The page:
Dept. of Mech. Eng. and Res. Lab. of Electron., MIT, Cambridge, MA 02139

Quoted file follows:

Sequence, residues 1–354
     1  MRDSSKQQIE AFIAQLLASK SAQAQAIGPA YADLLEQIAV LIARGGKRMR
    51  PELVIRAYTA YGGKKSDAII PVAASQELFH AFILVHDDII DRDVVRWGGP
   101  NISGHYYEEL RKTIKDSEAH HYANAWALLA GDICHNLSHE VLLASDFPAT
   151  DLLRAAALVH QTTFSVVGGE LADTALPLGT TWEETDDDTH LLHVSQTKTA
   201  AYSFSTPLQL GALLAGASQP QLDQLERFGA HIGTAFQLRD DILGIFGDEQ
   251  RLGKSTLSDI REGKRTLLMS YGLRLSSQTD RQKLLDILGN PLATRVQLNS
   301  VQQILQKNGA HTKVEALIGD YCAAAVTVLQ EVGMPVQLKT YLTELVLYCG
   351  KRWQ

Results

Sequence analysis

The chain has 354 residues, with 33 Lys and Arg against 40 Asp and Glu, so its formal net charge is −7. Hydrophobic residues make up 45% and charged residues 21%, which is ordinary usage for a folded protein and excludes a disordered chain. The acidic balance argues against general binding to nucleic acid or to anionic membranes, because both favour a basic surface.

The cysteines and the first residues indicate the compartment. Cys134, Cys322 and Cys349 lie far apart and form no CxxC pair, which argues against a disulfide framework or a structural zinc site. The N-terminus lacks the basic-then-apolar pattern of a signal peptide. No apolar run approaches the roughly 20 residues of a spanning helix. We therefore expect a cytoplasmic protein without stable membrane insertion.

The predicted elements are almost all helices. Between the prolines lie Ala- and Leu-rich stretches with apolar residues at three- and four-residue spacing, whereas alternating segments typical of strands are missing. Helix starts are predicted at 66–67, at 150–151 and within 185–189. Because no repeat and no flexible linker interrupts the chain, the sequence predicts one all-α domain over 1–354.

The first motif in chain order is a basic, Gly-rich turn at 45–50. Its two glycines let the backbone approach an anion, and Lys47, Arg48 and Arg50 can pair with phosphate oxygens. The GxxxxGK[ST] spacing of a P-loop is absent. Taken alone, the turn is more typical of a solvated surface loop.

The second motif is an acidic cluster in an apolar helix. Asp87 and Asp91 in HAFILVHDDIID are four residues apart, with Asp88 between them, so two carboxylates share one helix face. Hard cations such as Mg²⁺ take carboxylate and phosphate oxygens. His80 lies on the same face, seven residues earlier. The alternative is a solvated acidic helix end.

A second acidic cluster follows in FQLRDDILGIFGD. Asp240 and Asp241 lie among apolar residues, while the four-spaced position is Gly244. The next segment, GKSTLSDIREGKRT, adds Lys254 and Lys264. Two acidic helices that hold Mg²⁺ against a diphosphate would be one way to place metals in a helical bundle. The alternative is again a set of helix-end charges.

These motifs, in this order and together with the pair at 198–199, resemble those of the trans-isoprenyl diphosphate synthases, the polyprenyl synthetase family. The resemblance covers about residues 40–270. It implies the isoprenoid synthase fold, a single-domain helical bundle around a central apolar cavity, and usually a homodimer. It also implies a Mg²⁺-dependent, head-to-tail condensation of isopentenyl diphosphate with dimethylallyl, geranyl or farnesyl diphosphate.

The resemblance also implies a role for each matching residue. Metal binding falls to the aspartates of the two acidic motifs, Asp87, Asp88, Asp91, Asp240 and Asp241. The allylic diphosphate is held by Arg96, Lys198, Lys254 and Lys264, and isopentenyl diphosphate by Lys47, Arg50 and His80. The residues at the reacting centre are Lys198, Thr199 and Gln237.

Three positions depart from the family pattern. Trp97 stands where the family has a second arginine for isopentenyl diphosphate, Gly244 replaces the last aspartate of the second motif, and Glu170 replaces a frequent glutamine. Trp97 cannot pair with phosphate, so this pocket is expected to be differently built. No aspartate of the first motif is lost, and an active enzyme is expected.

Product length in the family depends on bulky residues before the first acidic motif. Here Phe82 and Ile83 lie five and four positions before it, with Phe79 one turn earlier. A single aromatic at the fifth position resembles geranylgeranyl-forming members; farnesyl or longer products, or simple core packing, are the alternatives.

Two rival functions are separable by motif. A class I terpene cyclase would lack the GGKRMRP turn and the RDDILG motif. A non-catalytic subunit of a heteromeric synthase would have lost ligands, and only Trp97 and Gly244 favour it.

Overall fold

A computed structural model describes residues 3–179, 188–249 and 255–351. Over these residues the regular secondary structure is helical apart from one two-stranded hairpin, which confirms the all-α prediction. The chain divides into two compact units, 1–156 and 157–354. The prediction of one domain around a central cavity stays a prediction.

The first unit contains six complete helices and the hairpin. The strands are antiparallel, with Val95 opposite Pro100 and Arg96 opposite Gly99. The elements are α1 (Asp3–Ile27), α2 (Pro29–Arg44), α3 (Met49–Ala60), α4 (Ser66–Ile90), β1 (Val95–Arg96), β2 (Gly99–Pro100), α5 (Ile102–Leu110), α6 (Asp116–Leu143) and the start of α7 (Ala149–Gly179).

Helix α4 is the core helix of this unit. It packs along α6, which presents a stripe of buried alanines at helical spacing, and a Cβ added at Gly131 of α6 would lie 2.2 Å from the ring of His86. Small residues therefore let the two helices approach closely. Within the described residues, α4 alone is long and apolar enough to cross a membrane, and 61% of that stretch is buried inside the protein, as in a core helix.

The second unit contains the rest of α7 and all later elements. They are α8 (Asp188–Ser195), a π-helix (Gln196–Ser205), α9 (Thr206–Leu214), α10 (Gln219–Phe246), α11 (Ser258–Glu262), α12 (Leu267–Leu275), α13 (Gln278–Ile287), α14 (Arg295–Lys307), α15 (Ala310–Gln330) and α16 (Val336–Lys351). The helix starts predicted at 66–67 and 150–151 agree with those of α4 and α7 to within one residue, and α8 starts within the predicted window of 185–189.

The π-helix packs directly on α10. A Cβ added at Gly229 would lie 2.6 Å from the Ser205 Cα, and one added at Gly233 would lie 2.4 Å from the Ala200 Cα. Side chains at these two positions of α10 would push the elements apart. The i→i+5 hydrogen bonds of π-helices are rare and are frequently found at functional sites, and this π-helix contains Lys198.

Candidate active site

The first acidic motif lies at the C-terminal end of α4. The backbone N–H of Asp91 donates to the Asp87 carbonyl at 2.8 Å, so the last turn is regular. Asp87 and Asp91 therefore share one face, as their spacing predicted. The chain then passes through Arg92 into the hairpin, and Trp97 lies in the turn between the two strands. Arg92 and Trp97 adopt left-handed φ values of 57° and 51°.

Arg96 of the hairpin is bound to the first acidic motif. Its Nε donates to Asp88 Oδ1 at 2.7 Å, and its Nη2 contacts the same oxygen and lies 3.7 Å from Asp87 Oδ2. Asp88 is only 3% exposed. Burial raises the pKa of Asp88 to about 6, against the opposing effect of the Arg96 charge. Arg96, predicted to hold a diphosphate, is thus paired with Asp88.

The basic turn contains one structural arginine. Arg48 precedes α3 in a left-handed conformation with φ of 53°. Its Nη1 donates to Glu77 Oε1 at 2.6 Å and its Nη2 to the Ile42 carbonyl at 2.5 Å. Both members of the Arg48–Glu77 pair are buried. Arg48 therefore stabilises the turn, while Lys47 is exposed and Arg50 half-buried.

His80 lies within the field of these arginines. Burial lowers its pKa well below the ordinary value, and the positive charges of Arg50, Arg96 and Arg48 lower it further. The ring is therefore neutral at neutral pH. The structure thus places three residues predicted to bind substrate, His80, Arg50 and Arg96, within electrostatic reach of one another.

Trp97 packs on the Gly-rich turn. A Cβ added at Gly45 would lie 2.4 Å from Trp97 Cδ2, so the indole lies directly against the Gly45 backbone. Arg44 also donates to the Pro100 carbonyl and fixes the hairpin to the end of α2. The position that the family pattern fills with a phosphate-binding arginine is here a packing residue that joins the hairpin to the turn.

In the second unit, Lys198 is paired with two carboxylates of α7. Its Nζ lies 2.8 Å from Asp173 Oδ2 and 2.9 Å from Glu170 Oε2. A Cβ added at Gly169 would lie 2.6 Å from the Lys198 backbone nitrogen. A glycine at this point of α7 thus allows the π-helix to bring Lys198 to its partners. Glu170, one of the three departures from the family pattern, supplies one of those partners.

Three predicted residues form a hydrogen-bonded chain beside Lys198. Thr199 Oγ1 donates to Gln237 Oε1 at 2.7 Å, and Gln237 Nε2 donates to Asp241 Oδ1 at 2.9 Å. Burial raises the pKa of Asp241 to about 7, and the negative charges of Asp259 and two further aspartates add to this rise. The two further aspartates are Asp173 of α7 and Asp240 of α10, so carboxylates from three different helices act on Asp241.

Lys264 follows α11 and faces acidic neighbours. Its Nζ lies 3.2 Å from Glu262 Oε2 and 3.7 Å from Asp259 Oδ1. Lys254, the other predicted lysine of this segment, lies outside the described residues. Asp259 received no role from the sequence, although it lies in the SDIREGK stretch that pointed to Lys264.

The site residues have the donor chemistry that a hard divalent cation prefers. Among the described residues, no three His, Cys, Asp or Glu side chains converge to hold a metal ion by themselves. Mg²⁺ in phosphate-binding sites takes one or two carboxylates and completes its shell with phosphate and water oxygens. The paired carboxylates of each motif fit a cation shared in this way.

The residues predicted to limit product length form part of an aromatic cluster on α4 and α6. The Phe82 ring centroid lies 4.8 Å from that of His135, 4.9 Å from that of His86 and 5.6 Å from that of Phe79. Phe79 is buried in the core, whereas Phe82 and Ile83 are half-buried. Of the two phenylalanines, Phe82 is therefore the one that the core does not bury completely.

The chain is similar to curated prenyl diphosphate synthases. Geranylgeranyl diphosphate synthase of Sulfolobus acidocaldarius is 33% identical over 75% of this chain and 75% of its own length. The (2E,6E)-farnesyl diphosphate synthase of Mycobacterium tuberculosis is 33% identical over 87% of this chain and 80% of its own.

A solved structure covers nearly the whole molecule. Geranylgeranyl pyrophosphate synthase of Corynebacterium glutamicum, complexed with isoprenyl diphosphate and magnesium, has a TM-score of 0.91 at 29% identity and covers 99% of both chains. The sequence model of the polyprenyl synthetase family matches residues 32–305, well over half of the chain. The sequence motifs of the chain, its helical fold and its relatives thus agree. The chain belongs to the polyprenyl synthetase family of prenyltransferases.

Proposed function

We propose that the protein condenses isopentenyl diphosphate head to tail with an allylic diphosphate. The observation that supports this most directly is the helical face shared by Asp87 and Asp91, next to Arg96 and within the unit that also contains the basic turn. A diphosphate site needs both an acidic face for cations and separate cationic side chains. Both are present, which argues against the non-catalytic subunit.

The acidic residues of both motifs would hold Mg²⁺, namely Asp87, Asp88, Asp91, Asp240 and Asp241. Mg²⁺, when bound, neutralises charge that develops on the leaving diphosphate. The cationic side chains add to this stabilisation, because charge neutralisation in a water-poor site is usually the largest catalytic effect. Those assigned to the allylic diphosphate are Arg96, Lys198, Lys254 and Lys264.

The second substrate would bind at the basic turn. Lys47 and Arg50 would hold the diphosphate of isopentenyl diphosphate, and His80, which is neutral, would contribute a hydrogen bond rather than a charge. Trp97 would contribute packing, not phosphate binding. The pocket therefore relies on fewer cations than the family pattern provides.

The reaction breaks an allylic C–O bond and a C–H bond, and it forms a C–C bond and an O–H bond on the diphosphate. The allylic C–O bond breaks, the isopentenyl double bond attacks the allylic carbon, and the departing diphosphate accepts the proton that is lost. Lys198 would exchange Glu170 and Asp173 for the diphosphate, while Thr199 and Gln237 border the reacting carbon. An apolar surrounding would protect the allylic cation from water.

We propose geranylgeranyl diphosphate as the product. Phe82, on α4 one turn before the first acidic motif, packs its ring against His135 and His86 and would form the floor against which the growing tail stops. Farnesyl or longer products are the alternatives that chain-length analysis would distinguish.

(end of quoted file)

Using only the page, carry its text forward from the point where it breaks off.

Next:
One practical aim of this research is to determine how best to use speech recognition techniques for augmenting the communication abilities of dysarthric speakers. As a first step toward this goal, the following kinds of analyses and tests have been performed on words produced by several dysarthric speakers: a closed-set intelligibility test based on Kent et al. [J. Speech Hear. Disord. 54, 482--499 (1989)]; an open intelligibility test; critical listening and transcription; acoustic analysis of selected utterances; and an evaluation of the recognition of words by a commercial speech recognizer. The data from one speaker have been examined in detail. The analysis and testing have led to several conclusions concerning the control of the articulators for this speaker: production of obstruent consonants was a particular problem (only 30% of syllable-initial obstruents were produced with no error), whereas sonorant consonants were less of a problem (70% correct). Of the obstruent errors, most were voicing errors, but place errors for alveolars (particularly fricatives) were also high, and these consonants were produced inconsistently, as inferred from acoustic analysis and from low scores from the recognizer for words with these consonants. In comparison, vowel errors were less prevalent. Implications for the use of a speech recognizer for augmenting this speaker's communication abilities are discussed.